The new-age gangster can profit and inflict harm with a few simple strokes of a computer keyboard as easily, if not easier, than with a gun or a knife.
Web racketeer and drug kingpin Ross Ulbricht went on trial in New York federal court this past winter on charges that he masterminded the creation and operations of a BILLION-dollar black market internet hub for the sale of narcotics and other illegal contraband called Silk Road, a reference to a famous ancient Asian trade route. Ulbricht was convicted on Feb 6, 2015.
Similar to a traditional crime lord, Ulbricht is alleged to have pocketed a commission or “tribute” on each transaction that took place on Silk Road, a number that the FBI estimates to be a hefty $80 million dollars. Overall, authorities suspect roughly $425 million dollars of sales commission were attributed to site administrators.
Silk Road was active from February 2011 until the fall of 2013, at which point the site was shuttered by the government and Ulbricht was taken into federal custody.
He hasn’t tasted freedom since. He might never again. Or at the very least it’s decades away.
The baby-faced 30-year old faces life in prison on counts of racketeering, drug trafficking, computer hacking and money laundering. Originally, the case against Ulbricht included six attempted murders, five of which were dropped prior to jury selection and one that is sitting uncharged in an indictment out of Maryland and won’t be added into evidence in the current judicial proceedings.
Ulbricht’s trial began on January 13. He’s pled not guilty, offering a “withdrawal defense,” claiming that although he helped launch the Silk Road website, it was merely an economic experiment that he abandoned shortly thereafter and is being framed by a former friend and Silk Road-associate of his named Mark Karpeles.
At first, federal prosecutors accused Ulbricht of trying to have the half-dozen people killed for threatening to reveal the identities of Silk Road account holders. Using the site to hire hit men, he shelled out over $725,000 in fees but failed to get any of his desired results, per the indictment.
Silk Road was part of what is referred to as the “back web,” “deep web,” or “under web,” meaning that domains aren’t easily found, they run on rogue browser systems and won’t appear using standard search engines. To increase anonymity, people paid for items and services on the site with Bitcoins, on-line currency used digitally. Bitcoins are controversial due to their lack of regulation.
Karpeles, 35, is a shady French-born internet entrepreneur and financier, who was convicted of fraud and web piracy in France in 2010 and founded the American non-profit group, The Bitcoin Foundation, in early 2012 in an effort to lobby and promote the currency’s usage and adoption in the United States. He denied any links to the managing of Silk Road on his Twitter account recently.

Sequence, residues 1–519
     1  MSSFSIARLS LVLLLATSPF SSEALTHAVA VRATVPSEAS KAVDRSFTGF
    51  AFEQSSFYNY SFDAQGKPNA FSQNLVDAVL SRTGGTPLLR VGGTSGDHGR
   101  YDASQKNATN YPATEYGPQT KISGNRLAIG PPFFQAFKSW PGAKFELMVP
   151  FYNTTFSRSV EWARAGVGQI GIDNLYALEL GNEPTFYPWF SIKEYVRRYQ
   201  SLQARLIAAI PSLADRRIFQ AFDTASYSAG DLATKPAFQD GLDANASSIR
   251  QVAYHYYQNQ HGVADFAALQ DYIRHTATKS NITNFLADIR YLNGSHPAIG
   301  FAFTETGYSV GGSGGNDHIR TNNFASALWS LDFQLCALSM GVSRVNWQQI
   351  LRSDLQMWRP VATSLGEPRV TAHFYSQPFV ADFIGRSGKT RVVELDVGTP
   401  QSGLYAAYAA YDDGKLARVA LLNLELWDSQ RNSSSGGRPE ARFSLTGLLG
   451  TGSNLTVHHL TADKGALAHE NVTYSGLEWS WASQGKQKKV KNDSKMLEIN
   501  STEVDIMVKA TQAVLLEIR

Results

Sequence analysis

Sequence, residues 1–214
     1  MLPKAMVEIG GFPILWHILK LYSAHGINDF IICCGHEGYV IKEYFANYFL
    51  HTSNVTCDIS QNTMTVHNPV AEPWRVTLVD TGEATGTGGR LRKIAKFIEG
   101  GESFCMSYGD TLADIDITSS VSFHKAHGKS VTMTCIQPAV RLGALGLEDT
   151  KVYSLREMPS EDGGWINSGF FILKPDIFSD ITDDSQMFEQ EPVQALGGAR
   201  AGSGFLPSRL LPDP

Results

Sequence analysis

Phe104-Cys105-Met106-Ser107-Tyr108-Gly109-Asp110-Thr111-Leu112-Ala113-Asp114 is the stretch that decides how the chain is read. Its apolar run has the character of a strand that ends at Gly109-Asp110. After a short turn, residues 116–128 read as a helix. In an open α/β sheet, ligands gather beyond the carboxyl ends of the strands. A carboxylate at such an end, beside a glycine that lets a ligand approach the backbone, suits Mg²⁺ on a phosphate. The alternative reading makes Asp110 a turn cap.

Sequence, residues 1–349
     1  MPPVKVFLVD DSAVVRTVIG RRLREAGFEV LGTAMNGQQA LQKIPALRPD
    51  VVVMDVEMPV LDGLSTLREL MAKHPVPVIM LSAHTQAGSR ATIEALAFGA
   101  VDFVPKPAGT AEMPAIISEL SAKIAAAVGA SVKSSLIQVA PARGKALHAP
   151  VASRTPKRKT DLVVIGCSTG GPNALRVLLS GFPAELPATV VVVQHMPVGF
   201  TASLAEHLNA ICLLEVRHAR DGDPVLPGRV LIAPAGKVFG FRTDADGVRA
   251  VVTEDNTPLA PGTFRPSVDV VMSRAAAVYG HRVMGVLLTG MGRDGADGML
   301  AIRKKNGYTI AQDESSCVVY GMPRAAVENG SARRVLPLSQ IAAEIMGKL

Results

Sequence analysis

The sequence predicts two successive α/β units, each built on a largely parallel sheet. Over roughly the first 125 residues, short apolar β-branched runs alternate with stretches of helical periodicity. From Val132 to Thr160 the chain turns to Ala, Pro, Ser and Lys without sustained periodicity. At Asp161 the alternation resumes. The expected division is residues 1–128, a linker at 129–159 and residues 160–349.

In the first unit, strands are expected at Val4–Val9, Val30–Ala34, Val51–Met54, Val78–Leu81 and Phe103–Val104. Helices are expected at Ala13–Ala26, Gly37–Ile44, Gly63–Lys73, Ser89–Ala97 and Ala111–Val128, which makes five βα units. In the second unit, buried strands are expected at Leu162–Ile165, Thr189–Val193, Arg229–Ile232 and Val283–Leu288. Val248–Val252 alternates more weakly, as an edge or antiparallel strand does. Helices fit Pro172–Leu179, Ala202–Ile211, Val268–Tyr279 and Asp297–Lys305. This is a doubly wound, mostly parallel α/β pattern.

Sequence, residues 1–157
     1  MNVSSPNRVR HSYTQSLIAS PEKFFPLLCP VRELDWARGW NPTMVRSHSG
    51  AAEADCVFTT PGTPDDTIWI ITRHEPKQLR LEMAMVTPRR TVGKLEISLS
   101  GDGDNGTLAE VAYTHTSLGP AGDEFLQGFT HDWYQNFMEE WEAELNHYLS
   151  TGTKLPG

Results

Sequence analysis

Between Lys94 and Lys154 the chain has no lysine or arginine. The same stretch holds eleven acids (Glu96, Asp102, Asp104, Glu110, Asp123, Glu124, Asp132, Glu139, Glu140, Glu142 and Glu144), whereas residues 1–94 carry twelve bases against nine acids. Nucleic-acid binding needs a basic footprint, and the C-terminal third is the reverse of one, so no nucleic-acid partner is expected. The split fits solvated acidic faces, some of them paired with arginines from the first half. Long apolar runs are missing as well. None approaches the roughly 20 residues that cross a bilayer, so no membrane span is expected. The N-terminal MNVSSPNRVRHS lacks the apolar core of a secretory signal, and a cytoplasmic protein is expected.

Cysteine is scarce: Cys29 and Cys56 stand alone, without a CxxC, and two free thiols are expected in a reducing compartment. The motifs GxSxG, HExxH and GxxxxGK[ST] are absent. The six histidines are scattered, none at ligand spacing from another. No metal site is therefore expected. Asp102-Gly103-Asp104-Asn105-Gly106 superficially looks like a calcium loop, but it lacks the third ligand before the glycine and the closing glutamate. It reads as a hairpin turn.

By using a target-specific grassroots marketing campaign, in a matter of two years, Ulbricht build Silk Road into a 1.2 billion-dollar criminal empire. According to the FBI, Ulbricht started the site for the sole purpose of selling hallucinogenic mushrooms and the business paradigm quickly expanded from there.
The webmaster of Silk Road went by the on-line alias of Dread Pirate Roberts (a nod to the Cary Elwes character in the 1987 film The Princess Bride). In their opening arguments last week, prosecutors told the jury that they intended to prove throughout the course of the trial that Dread Pirate Roberts was in fact Ulbricht.
Earlier this week, FBI and IRS agents testified about how the investigation led to Ulbricht’s doorstep……or computer, in this particular situation, and how finding him actually wasn’t all that difficult.
IRS Agent Gary Alford took the stand and told jurors that he unearthed Ulbricht’s identity via a basic Google search. Typing in the search terms “Silk Road” and “Bitcoin,” he discovered an on-line chat forum centered around Bitcoin where he saw posts from a username known as “Altoid,” first seeking code-writers and programmers, directing them to what prosecutors say was his personal email address (Rulbricht@Gmail.com) and then promoting the Silk Road website to forum browsers, writing “it’s kind of like an anonymous Amazon.com.”
Ulbricht was arrested in an elaborate FBI raid on October 1, 2013 as he conducted business on his own laptop within the Silk Road community (logged in through the Dread Pirate Roberts account) at the San Francisco Public Library.
Born and raised in a middle-class family in Austin, Texas, he attended college at the University of Texas’ Dallas campus and then graduate school out east at Penn State, earning a master’s degree in material sciences and engineering, before moving to California in 2012
“This kid was like an evil-genius version of Mark Zuckerberg (Facebook founder),” said one Fed source. “He figured everything else was going on-line, why not take the underworld there, too?”